A box of frogs

I had a meeting with a fellow trainer today to structure the new SatNav for Leaders course and during the meeting he said every time we got together it was like studying a box of frogs.

I’d never heard this phrase before and I immediately liked this image; although he just said “a box of frogs” it was apparent that the box had to be open. In that way the frogs could unexpectedly ju mp out in random directions (the ‘jump’ word was originally a typo but then I realised how appropriate the space was and so left it in) and surprise the observer. Eventually you could imagine the entire room being populated with escaped frogs looking for a home with the frantic humans chasing after them.

What he meant was that, no matter what we were discussing, I couldn’t help flying off on a tangent with tricky ideas that had a tenuous connection to the subject matter being discussed. His very use of the phrase ‘box of frogs’ had me mentally jumping all over the place; what a great name for a creative consultancy, I was already designing the logo in my head.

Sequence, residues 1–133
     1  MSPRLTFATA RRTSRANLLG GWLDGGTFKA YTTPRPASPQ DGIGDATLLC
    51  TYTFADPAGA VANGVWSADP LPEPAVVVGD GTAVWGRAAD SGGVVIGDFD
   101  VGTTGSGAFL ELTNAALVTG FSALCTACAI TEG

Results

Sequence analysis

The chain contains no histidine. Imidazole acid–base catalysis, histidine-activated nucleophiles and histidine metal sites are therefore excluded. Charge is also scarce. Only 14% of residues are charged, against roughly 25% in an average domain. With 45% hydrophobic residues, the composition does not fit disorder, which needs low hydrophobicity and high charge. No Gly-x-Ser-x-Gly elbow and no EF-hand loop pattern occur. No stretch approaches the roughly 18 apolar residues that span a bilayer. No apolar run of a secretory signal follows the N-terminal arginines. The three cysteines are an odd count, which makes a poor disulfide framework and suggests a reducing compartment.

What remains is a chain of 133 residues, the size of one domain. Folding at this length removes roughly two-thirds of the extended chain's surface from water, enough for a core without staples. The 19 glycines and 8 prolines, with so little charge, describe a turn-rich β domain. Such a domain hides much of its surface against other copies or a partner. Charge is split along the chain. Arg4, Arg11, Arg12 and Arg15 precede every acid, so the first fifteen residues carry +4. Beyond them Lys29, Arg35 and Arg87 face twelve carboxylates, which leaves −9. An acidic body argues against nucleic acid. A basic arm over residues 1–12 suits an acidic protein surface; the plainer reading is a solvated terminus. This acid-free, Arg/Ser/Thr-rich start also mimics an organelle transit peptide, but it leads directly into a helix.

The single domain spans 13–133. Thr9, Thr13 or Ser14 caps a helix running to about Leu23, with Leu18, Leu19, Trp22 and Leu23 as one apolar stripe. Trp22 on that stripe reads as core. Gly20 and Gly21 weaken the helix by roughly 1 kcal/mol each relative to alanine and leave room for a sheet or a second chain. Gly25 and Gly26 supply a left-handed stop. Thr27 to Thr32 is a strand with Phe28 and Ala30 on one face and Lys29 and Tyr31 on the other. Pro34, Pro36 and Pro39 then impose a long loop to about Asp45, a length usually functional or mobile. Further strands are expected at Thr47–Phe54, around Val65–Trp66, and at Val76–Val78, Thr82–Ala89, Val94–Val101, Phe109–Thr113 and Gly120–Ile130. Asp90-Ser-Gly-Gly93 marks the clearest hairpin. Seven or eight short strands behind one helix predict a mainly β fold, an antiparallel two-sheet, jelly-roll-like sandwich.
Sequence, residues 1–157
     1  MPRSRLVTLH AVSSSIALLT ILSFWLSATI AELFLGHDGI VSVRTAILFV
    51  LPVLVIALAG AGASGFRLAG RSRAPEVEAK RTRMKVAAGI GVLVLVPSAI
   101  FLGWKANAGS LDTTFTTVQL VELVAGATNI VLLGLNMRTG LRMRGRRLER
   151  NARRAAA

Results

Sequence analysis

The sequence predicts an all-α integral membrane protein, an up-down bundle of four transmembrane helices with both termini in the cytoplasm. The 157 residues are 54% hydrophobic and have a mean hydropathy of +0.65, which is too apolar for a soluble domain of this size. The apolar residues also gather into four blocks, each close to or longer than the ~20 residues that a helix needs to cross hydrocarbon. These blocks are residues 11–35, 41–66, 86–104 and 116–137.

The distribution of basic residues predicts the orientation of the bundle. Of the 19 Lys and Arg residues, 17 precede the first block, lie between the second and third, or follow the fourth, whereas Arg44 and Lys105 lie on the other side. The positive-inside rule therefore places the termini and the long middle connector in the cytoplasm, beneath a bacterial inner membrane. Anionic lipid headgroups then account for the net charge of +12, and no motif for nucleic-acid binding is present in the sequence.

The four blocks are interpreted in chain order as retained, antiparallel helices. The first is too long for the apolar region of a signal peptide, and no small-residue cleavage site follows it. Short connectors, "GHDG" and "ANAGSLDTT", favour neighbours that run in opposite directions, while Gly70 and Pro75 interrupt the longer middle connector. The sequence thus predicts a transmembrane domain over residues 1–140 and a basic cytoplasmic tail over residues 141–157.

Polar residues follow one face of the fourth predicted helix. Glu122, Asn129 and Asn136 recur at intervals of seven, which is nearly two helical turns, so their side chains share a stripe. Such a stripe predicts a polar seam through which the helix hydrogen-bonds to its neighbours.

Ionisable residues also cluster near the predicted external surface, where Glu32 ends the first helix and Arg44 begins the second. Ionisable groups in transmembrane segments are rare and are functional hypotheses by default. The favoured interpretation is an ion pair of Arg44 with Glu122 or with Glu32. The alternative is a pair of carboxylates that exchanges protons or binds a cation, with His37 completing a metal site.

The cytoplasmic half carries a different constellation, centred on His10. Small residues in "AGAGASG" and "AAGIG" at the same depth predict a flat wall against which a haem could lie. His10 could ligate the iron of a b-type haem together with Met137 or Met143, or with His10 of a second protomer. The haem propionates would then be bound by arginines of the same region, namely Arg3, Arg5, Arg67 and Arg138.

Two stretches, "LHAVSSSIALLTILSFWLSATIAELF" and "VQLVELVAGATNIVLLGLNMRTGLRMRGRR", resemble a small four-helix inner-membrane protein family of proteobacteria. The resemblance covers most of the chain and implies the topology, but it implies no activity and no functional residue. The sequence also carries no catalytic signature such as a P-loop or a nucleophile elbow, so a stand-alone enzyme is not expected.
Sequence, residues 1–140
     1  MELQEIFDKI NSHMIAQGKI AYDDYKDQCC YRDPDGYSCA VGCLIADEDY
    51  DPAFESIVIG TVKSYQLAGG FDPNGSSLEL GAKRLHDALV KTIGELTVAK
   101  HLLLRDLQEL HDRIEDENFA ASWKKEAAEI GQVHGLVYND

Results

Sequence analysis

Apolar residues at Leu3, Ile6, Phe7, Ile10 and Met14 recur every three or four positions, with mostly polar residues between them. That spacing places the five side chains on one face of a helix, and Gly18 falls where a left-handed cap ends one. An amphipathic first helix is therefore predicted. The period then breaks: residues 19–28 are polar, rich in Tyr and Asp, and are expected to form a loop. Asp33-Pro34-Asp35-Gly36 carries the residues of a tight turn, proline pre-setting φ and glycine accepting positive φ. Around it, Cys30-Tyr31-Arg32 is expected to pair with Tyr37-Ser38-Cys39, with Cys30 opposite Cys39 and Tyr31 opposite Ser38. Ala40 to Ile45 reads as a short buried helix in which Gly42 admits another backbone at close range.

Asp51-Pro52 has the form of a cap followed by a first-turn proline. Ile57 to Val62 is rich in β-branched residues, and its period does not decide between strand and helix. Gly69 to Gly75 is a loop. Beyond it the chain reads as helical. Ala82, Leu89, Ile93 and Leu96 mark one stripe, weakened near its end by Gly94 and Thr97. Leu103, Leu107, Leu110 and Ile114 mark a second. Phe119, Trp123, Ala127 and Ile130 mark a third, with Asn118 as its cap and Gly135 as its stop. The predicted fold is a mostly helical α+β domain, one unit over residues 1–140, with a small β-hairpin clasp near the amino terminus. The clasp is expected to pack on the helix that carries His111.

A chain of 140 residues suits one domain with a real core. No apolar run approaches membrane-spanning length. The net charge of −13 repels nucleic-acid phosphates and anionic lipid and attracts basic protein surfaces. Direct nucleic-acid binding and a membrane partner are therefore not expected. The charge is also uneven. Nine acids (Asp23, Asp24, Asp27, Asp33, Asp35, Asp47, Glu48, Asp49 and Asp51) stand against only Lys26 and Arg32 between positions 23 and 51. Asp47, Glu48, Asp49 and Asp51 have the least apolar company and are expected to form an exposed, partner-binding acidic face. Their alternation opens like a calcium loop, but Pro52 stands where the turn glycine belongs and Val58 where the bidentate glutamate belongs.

The other appealing thing about it was that it was funny. Put it in the context of a boardroom – so many pin stripe suited fat cats around a highly polished table and the young maverick hotshot comes in with his new vision for the company.

“Ladies and gentlemen, I give you… the box of frogs!”

Picturing the ensuing mayhem has an irresistible comic appeal.

And the more I thought about it the better the image became because it goes several steps beyond the cliché’d ‘out of the box’ phrase. ‘Out of the box’ suggests just one idea, whereas a box of frogs suggests scores of ideas coming at you from all angles in unexpected ways which is a more accurate description of the creative process. Not only that, a really successful creative session is almost invariably a lot of fun; again, the image of ecstatic individuals unable to decide which tantalising frog to chase is perfectly apt.

It is no coincidence that I use comedy as the vehicle to demonstrate the creative process.

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